Wednesday, January 6, 2010

#BookReview: Alex Cross's Trial - James Patterson

At last, Patterson has redeemed himself in my eyes. For too long he has cranked out book after book full of fill-in-the-blank story lines. The names and scenery would change, but the story remained the same. It had gotten to the point where I could figure out "who done it" within the first five chapters of any of his books. But this book? This book here? The master storyteller is back!

Titled Alex Cross's Trial, don't be fooled. Alex Cross is briefly mentioned in the first two pages, but the story is that of Washington, DC attorney Ben Corbett. Set in the early 1900s, Ben finds himself summoned to the White House by President Theodore Roosevelt. At the president's request, Ben is dispatched to Eudora, Mississippi to investigate the rise in lynchings. A native of Eudora, Ben is familiar with the ways of the south, but isn't prepared for the journey that lies ahead of him. With the assistance of Abraham Cross, Alex's great great uncle, Ben sets out to complete the task at hand. Along the way he discovers that old friends can't be trusted and new friends come from the most unlikely places.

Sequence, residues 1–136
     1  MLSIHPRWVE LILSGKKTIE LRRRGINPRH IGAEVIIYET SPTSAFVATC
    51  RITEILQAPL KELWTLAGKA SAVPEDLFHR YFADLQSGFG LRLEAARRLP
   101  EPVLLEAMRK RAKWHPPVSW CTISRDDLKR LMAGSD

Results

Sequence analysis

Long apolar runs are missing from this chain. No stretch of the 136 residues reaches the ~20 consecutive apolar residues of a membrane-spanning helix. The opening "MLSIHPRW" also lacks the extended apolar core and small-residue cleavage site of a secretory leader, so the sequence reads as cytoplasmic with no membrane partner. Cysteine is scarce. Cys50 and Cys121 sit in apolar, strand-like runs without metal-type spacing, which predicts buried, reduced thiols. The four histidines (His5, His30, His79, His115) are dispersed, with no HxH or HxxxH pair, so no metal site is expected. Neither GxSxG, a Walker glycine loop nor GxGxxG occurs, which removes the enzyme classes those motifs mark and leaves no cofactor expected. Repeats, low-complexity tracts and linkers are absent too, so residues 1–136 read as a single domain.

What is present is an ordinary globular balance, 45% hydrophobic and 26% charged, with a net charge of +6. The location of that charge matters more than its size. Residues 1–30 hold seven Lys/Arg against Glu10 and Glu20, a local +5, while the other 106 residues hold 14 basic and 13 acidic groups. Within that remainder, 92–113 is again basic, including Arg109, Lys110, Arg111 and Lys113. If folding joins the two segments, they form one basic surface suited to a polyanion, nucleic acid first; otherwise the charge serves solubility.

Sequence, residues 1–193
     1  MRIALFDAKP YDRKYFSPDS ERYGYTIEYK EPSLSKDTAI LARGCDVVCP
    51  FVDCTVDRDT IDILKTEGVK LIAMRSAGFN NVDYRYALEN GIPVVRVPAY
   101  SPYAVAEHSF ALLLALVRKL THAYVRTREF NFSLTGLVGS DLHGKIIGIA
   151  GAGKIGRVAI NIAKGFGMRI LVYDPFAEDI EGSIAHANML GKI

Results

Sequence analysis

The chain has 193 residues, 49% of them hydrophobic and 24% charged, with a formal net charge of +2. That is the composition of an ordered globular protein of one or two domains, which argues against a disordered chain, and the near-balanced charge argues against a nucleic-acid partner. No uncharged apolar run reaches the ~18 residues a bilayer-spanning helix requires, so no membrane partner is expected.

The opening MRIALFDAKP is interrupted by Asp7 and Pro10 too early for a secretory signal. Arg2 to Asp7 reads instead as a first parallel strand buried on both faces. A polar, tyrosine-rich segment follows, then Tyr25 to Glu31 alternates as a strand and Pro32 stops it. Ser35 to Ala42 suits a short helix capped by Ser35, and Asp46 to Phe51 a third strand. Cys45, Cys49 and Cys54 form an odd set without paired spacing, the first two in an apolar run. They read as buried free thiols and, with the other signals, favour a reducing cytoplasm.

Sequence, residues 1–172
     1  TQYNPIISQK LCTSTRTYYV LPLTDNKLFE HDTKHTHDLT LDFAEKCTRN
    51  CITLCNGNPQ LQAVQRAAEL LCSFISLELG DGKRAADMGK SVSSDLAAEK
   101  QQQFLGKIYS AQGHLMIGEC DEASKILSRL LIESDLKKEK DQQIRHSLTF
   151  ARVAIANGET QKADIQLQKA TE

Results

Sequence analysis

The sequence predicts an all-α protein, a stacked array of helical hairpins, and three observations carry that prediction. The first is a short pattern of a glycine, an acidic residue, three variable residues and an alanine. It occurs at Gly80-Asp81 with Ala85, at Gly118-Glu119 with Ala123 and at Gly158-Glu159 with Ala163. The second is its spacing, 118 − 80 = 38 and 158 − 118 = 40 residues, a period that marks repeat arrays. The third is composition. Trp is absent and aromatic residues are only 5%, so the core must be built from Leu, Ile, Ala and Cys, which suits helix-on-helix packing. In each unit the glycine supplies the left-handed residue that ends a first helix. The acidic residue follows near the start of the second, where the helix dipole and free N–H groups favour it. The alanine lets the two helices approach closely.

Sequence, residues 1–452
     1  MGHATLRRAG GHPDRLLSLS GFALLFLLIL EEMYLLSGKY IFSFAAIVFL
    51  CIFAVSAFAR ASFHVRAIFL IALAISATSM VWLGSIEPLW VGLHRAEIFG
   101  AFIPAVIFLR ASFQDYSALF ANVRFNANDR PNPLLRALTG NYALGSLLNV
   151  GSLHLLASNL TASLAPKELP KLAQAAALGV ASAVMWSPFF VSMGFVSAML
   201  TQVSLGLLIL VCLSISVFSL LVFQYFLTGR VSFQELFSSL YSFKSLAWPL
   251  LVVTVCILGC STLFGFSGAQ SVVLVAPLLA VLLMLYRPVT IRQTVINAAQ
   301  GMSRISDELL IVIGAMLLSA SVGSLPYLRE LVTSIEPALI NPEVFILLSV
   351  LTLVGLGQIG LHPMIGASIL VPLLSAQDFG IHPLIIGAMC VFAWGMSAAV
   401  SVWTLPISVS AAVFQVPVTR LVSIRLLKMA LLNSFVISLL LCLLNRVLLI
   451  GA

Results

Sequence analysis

At times I had to simply put the book down and take a break because it set my emotions on edge. Patterson and his co-author, Richard Dilallo, do a fine job of capturing the essence of the town's characters, both black and white. There is no sugar coating of the horror of lynching and the era in history that most of mainstream America would like to pretend never existed. This is a definite must read from Patterson for the first time in a long time.

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